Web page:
Switzerland has long been known as a world leader in life sciences and pharmaceuticals with companies like Novartis and Roche among the world leaders.
But smaller companies in the field of medical technology are also leading the way in the development of improved treatments for a range of disabilities.
Phonak is a leading producer of hearing aid instruments and has seen its share price more than double this year.
First half profit until the end of September trebled and it expects full-year sales of around SFr450 million ($271 million). The company, based near Zurich, was founded in 1985 and produces hearing instruments and related products.
The reason for its spectacular take-off this year is put down to the launch of a new state of the art device.
"Our main success has been our new fully digital product, Claro, launched last October," says company spokesman, Michael Dürringer, "It's been selling really well for the first six months of the business year."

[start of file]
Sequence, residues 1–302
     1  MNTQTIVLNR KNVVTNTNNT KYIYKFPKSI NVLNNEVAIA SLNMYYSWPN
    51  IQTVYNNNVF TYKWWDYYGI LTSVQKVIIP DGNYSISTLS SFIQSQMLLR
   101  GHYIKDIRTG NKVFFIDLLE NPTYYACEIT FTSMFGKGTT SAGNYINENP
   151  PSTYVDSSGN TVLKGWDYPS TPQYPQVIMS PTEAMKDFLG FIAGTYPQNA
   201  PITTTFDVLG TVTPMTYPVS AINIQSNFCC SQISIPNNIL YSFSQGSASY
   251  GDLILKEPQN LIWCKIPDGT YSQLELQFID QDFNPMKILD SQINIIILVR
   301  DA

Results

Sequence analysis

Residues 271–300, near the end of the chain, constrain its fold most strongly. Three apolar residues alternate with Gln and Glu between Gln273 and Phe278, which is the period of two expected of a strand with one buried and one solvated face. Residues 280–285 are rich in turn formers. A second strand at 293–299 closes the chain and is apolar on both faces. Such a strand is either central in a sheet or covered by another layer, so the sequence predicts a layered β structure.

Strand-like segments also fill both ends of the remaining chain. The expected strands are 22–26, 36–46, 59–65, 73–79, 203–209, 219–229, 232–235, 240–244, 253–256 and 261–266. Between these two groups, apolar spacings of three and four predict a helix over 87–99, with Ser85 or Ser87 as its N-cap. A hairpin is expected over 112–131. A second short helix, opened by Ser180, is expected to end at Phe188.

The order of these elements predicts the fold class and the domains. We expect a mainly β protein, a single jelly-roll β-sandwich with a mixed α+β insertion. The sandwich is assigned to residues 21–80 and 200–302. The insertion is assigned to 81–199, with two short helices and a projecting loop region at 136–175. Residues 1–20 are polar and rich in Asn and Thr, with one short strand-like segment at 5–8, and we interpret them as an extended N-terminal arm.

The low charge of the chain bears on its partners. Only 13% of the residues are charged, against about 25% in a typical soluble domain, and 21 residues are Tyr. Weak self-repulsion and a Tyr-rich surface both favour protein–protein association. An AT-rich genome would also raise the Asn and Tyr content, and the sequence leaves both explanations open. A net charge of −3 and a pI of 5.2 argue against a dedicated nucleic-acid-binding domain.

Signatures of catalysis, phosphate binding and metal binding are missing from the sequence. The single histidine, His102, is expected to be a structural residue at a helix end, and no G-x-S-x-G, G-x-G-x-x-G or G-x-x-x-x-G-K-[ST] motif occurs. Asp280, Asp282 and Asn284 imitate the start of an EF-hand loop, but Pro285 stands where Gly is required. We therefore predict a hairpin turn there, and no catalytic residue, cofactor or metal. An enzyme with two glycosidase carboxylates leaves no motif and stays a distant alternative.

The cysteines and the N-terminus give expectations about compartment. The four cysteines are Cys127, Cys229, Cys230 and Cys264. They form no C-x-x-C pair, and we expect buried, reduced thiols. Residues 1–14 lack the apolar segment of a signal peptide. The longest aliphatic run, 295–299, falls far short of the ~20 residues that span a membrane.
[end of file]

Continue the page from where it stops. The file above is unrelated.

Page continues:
Phonak wasn't the first company to introduce a digital hearing device but Dürringer says the first ones were little better than the previous generation of instruments.
"Product improvements are very important for us," he says. "Hearing aid products are not yet consistent in all situations and when we began work on Claro we set ourselves definite goals to really improve performance."
Claro's success has been enabling Phonak to expand by buying up a Canadian competitor, Unitron.
When the SFr160 million deal goes through it will propel Phonak from fifth to second in the global sector rankings.
"We already have around seven to eight per cent market share in North America," says Dürringer. "Together with Unitron we'll have about 15 per cent in the US and 20 per cent in Canada."
For a small country, it may be surprising that Switzerland produces some of the world's leading players in the medical technology sector but Dürringer says this success is based on solid foundations.
"We have an excellent knowledge base here in Switzerland," he says. "We have excellent universities and schools and well-trained engineers. The whole situation is favourable to us."
by Michael Hollingdale